These photos were taken at the National Museum of Greenland.
Most items excavated during the long history of archeological exploration on this island had been removed to the National Museum of Denmark in Copenhagen. As the Island of Greenland has been culturally developing, compromises have been struck that have allowed many of the items taken to Copenhagen to be returned.
One of these developments is the National Museum of Greenland. It has a superb archive section as well as wonderful exhibit areas.
Danish Museum number 10580, commonly known as the Greenland Gown, was one of these returned items.
I will not be showing any photos of this item at this time, nor of the small bits of textile. As of yet, I have not finished my examination of them and they will be included in an upcoming piece of research.
In this batch of photos you will find many items that were included in Woven Into The Earth (WIE) by Else Ostergard. I will try to identify them and the page number as I present each photo.
Needles of various sizes, needle/awl sharpeners, awls (or stilettos), and weaving pins. More information, WIE (Ostergard) Pg. 111-11
Greetings and good health to all of you.
I hope this Monday has been kind to all of you. Slow start around here this morning, but, After coffee…
I am starting the process of building my Warp Weighted Loom.
I however, am finding that for such a simple looking tool it can be quite complicated and that is before the weaving.
Well, I need to write even if it is just to be able to sleep tonight. I hope you will indulge me.
As I have been setting here processing the never ending piles of wool, I came upon a rather scratchy thought. Just how much wool do I need to process to get to the end of the tunnel?
My difficulty is that I do not completely understand the fabric I am recreating. I also do not understand weaving on a common floor loom let alone a Warp Weighted Loom. I have just enough knowledge of weaving to be dangerous.
Now mind you, I am recreating some of the techniques used to build the tools and fabric related to bring this project to completion. But, I am not an all knowing person. I need help…..
How do I figure the amount of wool needed to make the requisite fabric? HELP!
Is this fabric (2/2 twill) a warp faced fabric?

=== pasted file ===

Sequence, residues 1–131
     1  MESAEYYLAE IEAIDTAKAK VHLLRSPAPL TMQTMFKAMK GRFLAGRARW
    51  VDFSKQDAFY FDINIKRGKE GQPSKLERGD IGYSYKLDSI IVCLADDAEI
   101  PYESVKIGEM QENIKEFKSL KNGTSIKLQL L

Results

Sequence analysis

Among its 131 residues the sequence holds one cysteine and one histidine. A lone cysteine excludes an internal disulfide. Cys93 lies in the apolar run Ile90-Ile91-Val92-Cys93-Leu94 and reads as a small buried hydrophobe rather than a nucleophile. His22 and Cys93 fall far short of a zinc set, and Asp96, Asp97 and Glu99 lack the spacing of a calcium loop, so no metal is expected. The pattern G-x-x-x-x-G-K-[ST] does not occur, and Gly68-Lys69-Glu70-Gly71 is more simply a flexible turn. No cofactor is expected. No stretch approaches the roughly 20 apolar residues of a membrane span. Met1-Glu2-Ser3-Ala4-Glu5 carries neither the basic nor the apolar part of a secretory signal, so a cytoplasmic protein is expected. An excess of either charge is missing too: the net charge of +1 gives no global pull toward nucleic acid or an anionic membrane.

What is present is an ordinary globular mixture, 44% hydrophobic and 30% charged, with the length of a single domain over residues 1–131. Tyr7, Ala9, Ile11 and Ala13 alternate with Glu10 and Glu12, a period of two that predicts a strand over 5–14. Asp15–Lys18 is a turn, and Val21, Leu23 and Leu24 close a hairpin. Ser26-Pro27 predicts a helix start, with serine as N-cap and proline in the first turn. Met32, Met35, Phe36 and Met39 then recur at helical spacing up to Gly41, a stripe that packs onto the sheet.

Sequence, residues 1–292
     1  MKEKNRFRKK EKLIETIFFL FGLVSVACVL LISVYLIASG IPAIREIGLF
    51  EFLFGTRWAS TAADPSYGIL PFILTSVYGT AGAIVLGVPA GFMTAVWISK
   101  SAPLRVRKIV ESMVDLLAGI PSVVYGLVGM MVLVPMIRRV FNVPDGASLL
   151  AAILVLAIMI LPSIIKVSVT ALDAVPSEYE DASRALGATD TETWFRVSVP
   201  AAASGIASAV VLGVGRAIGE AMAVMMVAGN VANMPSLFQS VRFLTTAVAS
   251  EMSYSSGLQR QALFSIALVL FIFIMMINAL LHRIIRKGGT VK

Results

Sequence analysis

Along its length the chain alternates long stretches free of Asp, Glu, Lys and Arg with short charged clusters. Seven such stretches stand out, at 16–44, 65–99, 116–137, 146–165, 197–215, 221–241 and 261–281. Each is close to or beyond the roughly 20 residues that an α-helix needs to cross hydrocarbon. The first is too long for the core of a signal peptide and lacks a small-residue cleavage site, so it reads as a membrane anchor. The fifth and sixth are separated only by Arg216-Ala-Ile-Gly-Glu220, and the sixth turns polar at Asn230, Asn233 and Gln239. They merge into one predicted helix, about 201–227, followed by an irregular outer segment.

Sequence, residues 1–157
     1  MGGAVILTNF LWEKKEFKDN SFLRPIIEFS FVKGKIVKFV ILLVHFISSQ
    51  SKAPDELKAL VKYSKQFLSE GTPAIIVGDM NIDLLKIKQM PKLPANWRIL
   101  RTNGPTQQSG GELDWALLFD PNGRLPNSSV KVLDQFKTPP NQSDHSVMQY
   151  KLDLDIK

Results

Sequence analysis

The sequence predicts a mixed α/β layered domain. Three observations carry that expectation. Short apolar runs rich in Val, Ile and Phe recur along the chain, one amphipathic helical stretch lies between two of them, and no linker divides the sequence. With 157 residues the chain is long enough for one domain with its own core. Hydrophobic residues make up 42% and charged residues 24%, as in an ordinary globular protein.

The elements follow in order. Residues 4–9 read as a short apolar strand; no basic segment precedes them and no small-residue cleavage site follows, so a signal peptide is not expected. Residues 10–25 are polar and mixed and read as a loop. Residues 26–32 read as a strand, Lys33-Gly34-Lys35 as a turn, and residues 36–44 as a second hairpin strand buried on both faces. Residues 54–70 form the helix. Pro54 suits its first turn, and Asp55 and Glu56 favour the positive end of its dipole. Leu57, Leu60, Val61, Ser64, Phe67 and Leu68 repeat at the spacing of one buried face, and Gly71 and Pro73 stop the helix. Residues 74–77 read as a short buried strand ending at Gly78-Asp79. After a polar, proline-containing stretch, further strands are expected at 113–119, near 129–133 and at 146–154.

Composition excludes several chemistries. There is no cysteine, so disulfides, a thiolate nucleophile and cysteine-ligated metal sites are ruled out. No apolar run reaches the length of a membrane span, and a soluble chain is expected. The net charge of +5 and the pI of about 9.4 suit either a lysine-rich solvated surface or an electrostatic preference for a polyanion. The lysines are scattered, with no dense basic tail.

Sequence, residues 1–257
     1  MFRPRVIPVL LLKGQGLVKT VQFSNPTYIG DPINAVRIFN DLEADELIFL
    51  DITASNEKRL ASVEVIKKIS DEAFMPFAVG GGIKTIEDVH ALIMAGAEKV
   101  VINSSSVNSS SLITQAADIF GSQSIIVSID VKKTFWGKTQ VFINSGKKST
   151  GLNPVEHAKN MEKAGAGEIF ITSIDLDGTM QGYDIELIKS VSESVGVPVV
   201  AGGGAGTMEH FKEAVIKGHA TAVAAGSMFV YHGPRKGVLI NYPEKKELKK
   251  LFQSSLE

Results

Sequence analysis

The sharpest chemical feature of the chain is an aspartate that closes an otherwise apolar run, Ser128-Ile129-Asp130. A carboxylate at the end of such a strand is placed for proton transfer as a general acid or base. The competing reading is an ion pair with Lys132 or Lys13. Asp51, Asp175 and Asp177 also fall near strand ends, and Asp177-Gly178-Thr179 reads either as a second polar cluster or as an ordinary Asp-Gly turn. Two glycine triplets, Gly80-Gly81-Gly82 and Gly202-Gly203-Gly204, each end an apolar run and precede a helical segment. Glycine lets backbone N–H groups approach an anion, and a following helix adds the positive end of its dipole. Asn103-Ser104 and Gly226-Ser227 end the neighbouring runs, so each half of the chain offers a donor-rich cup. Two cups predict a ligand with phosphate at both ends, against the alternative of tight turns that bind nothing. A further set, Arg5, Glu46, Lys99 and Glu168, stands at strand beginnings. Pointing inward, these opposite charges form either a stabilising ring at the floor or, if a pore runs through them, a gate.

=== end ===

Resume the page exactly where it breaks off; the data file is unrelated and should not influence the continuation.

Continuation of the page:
I guess this will not be the only two questions, but these are the most pressing ones at this point.
No Really….. Help.
Hubby says, “Good judgement comes from experience which comes from bad judgement.”
Greetings from the wool shed!
I hope this finds you all doing well. It is spring! or some semblance of it here. Planting of roses and pruning of fruit trees has commenced.
So, I am continuing the hand processing of fleece to be spun into yarn for the weaving of the first dress. This dress is being made out of the Churro Breed of sheep.
I am going to be making a trip up to Wisconsin in May and I hope to meet a breeder there for the Icelandic fleece. Yes Kids It seems that it is time for me to start thinking about the next phase of the project.
Speaking of the next phase of the project. As I have little to do but think while combing the fleece I currently have, my mind has started travelling to the world of the loom. I will be building the loom myself this summer. I am starting from the ground up. Cutting of the timber for the parts cannot happen until June most likely. We have a permit system in out forests and the permits will not be available until May.
Greetings from the Project!
I hope this finds all of you well and prospering.
It has been a busy time here as I have begun full swing processing of 12 Navajo Churro Fleeces. The wool from these sheep are being washed as I go and then I am using the oiling process I had out lined in the blog post of 12/09/2013.
It has it’s good points and inconvenient points.
Firstly on the good side, It helps a less than optimal fleece due to dryness and course quality to become usable for the purpose of this project. Also, I am finding the separation to be much easier as it lubricates the wool fibers thus letting them slip easily across one another. Combing is much easier and the waste fiber is reduced. Your hands and tools become conditioned in a way that most hand lotions will not do.